"No one has put the Palestinian experience in visual terms so austerely and yet so playfully, so compellingly and at the same moment so allusively," Edward Said on Mona Hatoum's work
A cheese grater scaled up and turned into a room divider, a photo of the artist walking with Doc Martins tied by their laces to her ankles, a giant cube covered in iron fillings. These are the objects that greet you when you enter Mona Hatoum's exhibition in London's Tate Modern. The works on display span thirty-five years of her career. Born in Beirut to Palestinian parents displaced in the Nakba and then stranded in London when war broke out in Lebanon, Hatoum's work speaks of displacement, exile, belonging, identity and conflict.
Household items become menacing weapons and the familiar is mixed with the strange in this immersive body of work. A bed, a place associated with sleep and being safe, has been fashioned from a vegetable grater with the sharp outlines of its holes promising pain. The room divider's transformation into a scaled up cheese grater moves it away from its normal function of preserving privacy, with intrusive gaps and a frame that cuts across the room aggressively. One installation features a number of household objects, such as a cot, kitchen table and cooking utensils, which are all connected to each other with an electric wire. Lights dim and then brighten, all against the backdrop of a constant buzzing. Objects so familiar are at once transformed into something dangerous, made even more menacing with the sensory overload of the lights and sound.
These pieces bought to mind the work of Japanese artist Yayoi Kusama's Oven-Pan, part of a larger body of work which distorted everyday household objects associated with "women's work" with protrusions that rendered them unusable. When expanded to room sized installations these also took on a menacing character. For Hatoum, the tools of female oppression are being turned into weapons. But the collection also addresses her heritage and the difficulties of coming from a place where even home is dangerous.
This is true for both her Palestinian heritage and her Lebanese home. Both countries have suffered from enduring conflict. One of her installations features red beads imbedded onto the surface of 2,200 Palestinian soaps mapping the lines of the disconnected Palestinian territories created by the Oslo agreement. The perishable soap shows the impermanence of these artificial boundaries. Other aspects of Palestinian suffering are referenced throughout – barbed wire, prison, surveillance – all speak of menacing state authority. Hatoum's Impenetrable directly refers to Venezuelan artist Jesús Rafael Soto's Penetrables, an installation composed of masses of hanging plastic cords into which spectators are welcome to enter. In contrast, the clean minimalist cube structure of Impenetrable is subverted by the fact the delicate lines of the structure are made of impassable barbed wire.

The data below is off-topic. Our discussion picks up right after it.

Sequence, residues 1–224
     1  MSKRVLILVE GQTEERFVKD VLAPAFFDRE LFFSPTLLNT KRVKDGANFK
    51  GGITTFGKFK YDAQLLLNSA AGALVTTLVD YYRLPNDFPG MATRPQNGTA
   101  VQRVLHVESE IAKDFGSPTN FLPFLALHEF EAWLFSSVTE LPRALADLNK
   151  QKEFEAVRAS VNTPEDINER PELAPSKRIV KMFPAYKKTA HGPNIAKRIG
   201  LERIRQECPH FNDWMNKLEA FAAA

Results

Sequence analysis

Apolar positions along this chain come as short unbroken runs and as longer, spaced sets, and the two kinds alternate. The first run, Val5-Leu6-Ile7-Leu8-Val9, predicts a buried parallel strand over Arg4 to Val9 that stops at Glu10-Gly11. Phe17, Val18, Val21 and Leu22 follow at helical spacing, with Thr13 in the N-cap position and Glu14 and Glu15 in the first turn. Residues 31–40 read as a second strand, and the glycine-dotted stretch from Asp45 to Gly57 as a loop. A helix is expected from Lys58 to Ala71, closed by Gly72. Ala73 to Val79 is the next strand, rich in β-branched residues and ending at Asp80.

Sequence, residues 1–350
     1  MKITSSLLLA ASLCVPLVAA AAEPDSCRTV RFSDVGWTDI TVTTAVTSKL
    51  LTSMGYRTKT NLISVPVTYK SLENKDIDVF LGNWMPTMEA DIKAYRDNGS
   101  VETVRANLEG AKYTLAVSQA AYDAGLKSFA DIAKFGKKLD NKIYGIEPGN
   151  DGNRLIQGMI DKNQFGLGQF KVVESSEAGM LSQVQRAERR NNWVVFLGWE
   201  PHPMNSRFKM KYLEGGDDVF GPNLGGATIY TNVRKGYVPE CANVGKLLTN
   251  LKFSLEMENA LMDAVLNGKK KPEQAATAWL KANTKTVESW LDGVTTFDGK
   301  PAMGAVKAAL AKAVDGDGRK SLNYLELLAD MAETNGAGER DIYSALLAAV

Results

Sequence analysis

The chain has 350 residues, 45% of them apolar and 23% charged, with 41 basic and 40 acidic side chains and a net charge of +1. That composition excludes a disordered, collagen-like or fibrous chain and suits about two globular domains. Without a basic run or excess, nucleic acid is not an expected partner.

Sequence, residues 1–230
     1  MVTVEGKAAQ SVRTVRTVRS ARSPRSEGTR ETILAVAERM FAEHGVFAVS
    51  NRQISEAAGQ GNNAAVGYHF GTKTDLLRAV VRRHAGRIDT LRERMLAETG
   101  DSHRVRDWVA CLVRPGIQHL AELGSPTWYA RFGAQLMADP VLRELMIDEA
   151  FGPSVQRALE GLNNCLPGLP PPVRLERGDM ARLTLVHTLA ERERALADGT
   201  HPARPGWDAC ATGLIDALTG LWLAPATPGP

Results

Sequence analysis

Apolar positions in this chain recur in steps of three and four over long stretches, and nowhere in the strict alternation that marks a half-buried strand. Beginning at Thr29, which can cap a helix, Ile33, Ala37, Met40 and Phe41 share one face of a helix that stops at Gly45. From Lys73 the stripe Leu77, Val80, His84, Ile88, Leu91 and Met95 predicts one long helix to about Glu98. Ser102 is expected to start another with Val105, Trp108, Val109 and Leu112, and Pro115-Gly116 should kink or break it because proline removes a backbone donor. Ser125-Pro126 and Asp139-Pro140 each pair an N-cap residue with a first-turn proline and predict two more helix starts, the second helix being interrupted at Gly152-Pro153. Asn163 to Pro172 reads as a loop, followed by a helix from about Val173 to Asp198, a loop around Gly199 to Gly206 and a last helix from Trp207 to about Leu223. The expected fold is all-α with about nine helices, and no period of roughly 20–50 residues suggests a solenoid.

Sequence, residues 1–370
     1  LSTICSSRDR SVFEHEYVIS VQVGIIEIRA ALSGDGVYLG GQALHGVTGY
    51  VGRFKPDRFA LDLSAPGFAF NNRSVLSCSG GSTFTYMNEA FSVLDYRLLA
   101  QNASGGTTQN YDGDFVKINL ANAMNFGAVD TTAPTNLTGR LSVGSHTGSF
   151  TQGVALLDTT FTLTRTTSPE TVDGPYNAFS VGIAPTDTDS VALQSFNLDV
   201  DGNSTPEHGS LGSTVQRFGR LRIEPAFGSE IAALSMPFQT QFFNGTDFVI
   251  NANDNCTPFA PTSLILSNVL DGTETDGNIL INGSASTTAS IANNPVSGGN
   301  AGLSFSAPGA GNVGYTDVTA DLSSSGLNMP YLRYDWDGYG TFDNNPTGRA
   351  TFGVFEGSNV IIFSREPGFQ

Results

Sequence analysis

The artist's constant mixing of the familiar with the strange reminds me of a recent interview with Hatoum in the Guardian in which she describes her first ever visit to her parents' home in Haifa. While the country was completely new to the artist, her parents' house felt familiar to her. She had constructed a visual image of it through the memories of her father. Memory in this sense no doubt works to close the distance between the displaced and their homeland, a tool recruited by the exiled to lessen the pain of separation caused by war. Her piece Measures of Distance speaks of this pain, featuring letters written by Hatoum's mother in Beirut to her daughter in London.
Hatoum is however wary of viewers over-amplifying her roots. "They come with this preconceived idea of where I come from," Hatoum said when talking to the New York Times last year, "and therefore what I'm putting in my work, and they tend to over-interpret the work in relation to my background."
It is hard not to – the exhibition features the iconic pattern of the keffiyeh, a symbol of solidarity with the Palestinian people, woven out of hair, Palestinian embroidery hung as if windows and delicate glass sculptures of hand grenades. For example, her work Light Sentence features prism lockers that cast swaying shadows as a result of a swinging light bulb. The effect on the viewer is suffocating, disturbing and disorientating. I immediately thought of Palestinian prisoners and then of the constant instability of displacement. However, Hatoum references the power structures in Western urban environments and their regimentation of individuals, observations she made following her move to London.
There is no single interpretation for each piece – the viewer can see a statement on the position of women, hints of heritage or an analysis of Western power structures. For Hatoum this is the point. One thing seems certain – this body of work is full of contradiction and uncertainty. She plays with the everyday and distorts it; she subverts minimalist structures with political messages and even the familiar becomes the strange. In the process we are left exposed to the contradiction and uncertainty of the world we live in.